The Drunken Horse Race of Todos Santos

Todos Santos Cuchumatan is a small town (or a large village, depending on your point of view) nestled high up in the Cuchumatanes mountain range of western Guatemala, near the Mexican border. It’s a simple place – one bank (with one ATM), a handful of basic hotels, and a few even more basic restaurants. And at an altitude of 2,500 metres, it can get cold, cloudy, and rainy at any time of year. The streets off the main road are dirt (or mud, after it rains), and everything’s shut by 9pm. Continue reading

Studying Spanish in Guatemala

For the last month, I´ve been learning Spanish in Quetzaltenango (aka Xela), Guatemala´s second city. Normally, when I travel, my routine is to visit a new place, see the sites, and then move on – so staying put for more than a week is something new for me. And normally, I come home with a camera memory card full of photos, the fading remains of a tan that I hoped would last but knew wouldn´t, and a liverful of the local alcohol – so coming back with a new language is another new experience for me. But the two things that I took away from my experiences on my hike in the Ixil region last month are: 1) don´t trek in the rainy season, and 2) learn some Spanish. Continue reading

Hiking in the Guatemalan Highlands

Guatemala may be only the size of England, but it has a huge variety of landscapes, from black volcanic beaches to flat, endless vistas of palm trees and banana plantations, to numerous caves, rivers, and lakes, to vast jungles full of Maya ruins and exotic animals. It’s also the most mountainous country in Central America, containing 30 volcanoes and the highest peaks between Mexico and Columbia. Continue reading

Maya Ruins of Mexico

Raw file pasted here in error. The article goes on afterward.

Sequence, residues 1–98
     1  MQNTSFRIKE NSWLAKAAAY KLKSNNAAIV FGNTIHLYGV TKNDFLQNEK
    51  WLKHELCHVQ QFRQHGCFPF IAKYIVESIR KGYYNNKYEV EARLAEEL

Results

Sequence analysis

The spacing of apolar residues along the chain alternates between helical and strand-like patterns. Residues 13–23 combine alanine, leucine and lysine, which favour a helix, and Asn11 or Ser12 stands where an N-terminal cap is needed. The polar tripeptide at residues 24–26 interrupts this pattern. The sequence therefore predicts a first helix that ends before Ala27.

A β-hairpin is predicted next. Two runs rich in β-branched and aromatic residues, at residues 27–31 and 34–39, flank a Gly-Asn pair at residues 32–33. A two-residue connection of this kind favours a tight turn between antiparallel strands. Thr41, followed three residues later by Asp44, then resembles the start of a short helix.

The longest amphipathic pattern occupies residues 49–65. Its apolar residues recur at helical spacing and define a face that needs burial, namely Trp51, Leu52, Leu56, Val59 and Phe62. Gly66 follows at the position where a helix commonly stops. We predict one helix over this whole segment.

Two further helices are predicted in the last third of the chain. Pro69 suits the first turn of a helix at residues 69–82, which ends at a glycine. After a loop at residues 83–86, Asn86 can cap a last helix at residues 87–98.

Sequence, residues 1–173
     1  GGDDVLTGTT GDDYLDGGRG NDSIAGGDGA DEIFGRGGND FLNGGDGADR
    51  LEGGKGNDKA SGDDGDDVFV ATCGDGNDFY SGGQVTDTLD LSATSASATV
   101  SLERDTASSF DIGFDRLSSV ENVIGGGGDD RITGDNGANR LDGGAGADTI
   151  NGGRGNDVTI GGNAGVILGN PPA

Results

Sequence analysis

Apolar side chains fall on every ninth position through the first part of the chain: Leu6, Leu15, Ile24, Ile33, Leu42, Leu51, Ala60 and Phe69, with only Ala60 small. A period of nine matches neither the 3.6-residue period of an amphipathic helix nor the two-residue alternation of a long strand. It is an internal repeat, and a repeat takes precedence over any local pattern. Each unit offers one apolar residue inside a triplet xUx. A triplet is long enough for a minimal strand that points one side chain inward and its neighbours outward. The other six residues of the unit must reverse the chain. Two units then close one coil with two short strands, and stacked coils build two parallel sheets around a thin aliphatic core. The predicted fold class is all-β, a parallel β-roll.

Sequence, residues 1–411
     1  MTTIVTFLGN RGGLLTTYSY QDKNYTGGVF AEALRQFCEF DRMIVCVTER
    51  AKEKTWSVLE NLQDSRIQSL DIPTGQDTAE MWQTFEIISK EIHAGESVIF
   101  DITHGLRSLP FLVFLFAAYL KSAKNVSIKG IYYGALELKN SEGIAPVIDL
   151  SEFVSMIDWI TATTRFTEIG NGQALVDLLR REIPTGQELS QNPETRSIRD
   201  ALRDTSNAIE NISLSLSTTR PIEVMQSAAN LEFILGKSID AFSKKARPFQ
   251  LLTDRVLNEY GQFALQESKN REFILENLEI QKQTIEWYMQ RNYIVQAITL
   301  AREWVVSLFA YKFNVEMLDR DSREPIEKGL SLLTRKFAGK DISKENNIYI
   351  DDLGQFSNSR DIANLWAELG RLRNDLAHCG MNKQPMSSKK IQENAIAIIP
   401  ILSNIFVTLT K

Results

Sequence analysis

If there’s one other thing I’ve been doing in Mexico, apart from cooling off in the lovely cenotes, it’s working up a sweat wandering round the many Maya ruins. I thought Belize was well-represented in that department, having been to six of them (including the two biggest, Caracol and Lamanai). But Mexico has about ten major ruins, and tens of smaller sites. Continue reading

The Cenotes of the Yucatán

The Yucatán Peninsula is the area of Central America that juts out into the water like a big fat thumb, separating the Caribbean Sea from the Gulf of Mexico (most of it’s in Mexico, but it also includes parts of northern Belize and northern Guatemala).  The Belizean and Guatemalan parts are mostly low-lying jungle; and the Mexican part is equally flat, equally hot, and comprised mainly of limestone.  This soft rock is so porous that the abundant rainwater drains straight through it, and as a consequence there are no surface rivers in this part of the country.  But what there are plenty of is sinkholes, known locally as cenotes (from a Maya word dzonot, meaning sacred well).  The Peninsula is pockmarked with thousands of them, and they range in size and shape – while some are open water pools at the bottom of circular limestone holes, most are mainly or completely underground, accessed by small holes in the ground or twisting cave passages.  In this flat landscape, the only thing that rises above the forest and the plains are the giant temple-pyramids built by the ancient Maya, and it was probably the numerous cenotes and their fresh water that allowed the Maya cities to survive and grow. Continue reading

Food of the Gods

Some time ago, I wrote a post about Belizean food. But I didn’t mention all the delicious sweet things that the country produces – from Black Cakes to Coconut Tarts to Rice Puddings to Tres Leches (Three Milks) Cakes. And with most of these desserts packed full of sugar and soaked in evaporated or condensed milk, their sweet deliciousness is only matched by their sugary and fatty unhealthiness. Wash that lot down with a bottle of Coke and ponder why 60% the locals are overweight and 15% have diabetes… Continue reading